Major spoilers ahead. If you haven’t watched the "Gilmore Girls" revival yet and want to remain in the dark about what happens, stop reading now.

About 15 minutes after I finished watching all four episodes of "Gilmore Girls: A Year in the Life," I saw a friend had simply commented "What?!?!?!" along with a photo of the TV show. This was my response:

Loved every hot mess minute of it, but I'm with you, "what?"

And what a lovely hot mess the revival was. It was perfect simply because it existed, but it was not without its faults. Still, I got to spend time with characters I care deeply about and got to know them better. I laughed. I cried. I cringed. I smiled. I rewound. I ate. I sang. I picked my jaw up off the floor. I re-watched.

The show ended in a way that I never saw coming, but I should have. I've re-watched the original seven seasons enough times that I shouldn't have been floored by the last exchange between Lorelai and Rory.

Rory: Mom.

Lorelai: Yeah?

Rory: I'm pregnant.

Lorelai looks aghast and then we go right to the ending credits.

And that's it. With no promise of any more episodes coming our way, we are left with the news that Rory is going to be a single mother like her mother had been. Lorelai's main life's goal — since the age of 16 when the strip turned pink and she stopped being a child — was to set her daughter up to have the life she never had. Rory, however, ends up following in Lorelai's footsteps... sort of.

Consider this: Amy Sherman-Palladino, the creator of "Gilmore Girls," always knew what those last four words of the series would be. She also anticipated that the series would end when Rory graduated from college, and it did, but Sherman-Palladino was not around for the last season due to contract issues with the show's studio, Warner Bros.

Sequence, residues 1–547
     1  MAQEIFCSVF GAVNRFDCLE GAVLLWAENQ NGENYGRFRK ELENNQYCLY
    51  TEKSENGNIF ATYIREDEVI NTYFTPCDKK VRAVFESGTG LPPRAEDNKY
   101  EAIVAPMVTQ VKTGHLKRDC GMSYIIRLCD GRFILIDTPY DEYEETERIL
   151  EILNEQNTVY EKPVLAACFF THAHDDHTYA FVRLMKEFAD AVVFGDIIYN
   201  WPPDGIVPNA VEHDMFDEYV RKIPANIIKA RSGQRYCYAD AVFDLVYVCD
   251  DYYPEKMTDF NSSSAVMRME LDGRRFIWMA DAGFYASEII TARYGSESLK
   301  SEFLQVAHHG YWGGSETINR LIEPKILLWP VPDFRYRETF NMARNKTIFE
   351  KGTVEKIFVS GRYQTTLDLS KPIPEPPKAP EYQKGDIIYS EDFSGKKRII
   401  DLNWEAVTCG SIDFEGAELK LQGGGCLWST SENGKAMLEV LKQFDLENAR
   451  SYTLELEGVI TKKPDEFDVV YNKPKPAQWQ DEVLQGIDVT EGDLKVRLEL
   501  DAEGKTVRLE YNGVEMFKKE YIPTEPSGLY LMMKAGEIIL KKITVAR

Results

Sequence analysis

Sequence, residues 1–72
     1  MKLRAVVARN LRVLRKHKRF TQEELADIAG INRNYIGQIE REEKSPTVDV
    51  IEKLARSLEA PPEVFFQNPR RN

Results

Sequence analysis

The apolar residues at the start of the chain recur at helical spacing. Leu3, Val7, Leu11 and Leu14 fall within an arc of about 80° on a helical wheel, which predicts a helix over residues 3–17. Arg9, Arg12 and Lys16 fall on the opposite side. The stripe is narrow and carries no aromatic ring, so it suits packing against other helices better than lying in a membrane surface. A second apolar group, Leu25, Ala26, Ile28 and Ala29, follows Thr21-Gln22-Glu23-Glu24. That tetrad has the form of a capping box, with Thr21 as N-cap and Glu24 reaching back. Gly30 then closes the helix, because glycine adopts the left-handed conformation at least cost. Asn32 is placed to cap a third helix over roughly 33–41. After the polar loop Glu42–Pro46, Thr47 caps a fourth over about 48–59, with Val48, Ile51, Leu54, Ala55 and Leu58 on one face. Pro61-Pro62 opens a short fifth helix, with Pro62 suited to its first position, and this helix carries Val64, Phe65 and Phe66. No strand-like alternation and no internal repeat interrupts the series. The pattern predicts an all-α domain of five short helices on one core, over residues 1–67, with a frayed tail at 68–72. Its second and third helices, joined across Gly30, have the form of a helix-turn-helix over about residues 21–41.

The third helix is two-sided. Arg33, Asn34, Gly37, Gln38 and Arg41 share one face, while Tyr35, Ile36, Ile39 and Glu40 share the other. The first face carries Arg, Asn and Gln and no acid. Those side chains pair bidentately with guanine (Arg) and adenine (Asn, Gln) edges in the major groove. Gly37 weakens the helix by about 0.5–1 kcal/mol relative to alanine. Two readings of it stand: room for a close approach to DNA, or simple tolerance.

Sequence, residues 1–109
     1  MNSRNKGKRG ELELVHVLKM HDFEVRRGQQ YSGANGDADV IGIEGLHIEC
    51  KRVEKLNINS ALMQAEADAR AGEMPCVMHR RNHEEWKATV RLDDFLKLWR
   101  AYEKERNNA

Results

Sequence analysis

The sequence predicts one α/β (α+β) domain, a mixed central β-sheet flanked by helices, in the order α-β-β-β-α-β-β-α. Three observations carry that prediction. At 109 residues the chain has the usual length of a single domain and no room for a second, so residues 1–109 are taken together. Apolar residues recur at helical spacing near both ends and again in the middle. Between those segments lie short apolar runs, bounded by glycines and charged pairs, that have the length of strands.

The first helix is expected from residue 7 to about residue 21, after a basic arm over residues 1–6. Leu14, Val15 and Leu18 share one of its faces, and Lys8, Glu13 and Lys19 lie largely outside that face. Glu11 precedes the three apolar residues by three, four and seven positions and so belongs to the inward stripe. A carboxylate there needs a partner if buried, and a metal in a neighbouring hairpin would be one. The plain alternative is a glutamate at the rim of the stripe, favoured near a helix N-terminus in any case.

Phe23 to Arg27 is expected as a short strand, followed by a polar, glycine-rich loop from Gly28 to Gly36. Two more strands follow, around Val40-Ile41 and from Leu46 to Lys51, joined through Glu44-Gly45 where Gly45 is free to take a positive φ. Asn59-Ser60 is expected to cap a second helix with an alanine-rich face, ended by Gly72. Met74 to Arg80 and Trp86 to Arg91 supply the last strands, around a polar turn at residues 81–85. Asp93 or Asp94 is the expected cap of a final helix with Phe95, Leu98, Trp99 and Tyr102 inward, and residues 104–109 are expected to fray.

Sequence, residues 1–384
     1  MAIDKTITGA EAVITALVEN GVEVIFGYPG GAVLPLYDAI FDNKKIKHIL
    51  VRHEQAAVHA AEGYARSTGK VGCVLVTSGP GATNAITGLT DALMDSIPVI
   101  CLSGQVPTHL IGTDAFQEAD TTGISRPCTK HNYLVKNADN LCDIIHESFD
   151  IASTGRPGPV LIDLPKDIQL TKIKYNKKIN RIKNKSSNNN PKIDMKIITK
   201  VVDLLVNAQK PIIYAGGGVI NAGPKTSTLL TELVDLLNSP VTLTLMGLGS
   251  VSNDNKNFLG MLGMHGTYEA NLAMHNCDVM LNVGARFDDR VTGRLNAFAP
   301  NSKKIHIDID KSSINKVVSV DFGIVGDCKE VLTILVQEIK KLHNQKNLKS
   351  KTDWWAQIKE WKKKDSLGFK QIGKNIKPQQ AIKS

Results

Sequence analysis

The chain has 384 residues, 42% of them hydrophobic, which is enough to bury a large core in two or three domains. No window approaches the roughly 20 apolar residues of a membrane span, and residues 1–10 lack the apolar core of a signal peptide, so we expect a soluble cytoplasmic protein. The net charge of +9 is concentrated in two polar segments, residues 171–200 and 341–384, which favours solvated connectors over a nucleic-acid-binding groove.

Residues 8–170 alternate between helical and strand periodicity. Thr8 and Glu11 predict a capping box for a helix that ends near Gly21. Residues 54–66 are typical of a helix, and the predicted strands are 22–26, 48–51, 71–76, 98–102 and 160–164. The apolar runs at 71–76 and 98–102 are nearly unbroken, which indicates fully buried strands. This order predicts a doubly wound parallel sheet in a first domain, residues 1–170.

Fans waited nearly a decade to hear those last four words, and that decade makes a difference in the impact those four words have. While my initial reaction to Rory's impending single motherhood may have been "What?" her pregnancy at age 32 certainly does not pack the same punch to the gut as it would have had at age 22.

The girls come full circle

In the very first episode of "Gilmore Girls," we are introduced to the Gilmore girls — all three of them. There's Lorelai and Rory, of course, but there is also Lorelai's mother Emily. Lorelai left home at 17 to live life on her own terms with her 1-year-old daughter in tow. In the 15 or so years in between then and the events in the pilot episode, Lorelai and her parents have had a very strained relationship. Still, there's a subtle scene in the episode that makes it clear that Lorelai and her mother have more in common than they realize.

Did you see it? Lorelai and Emily throw back the champagne in their glasses exactly alike. It's quick, but I don't think the parallel is a coincidence.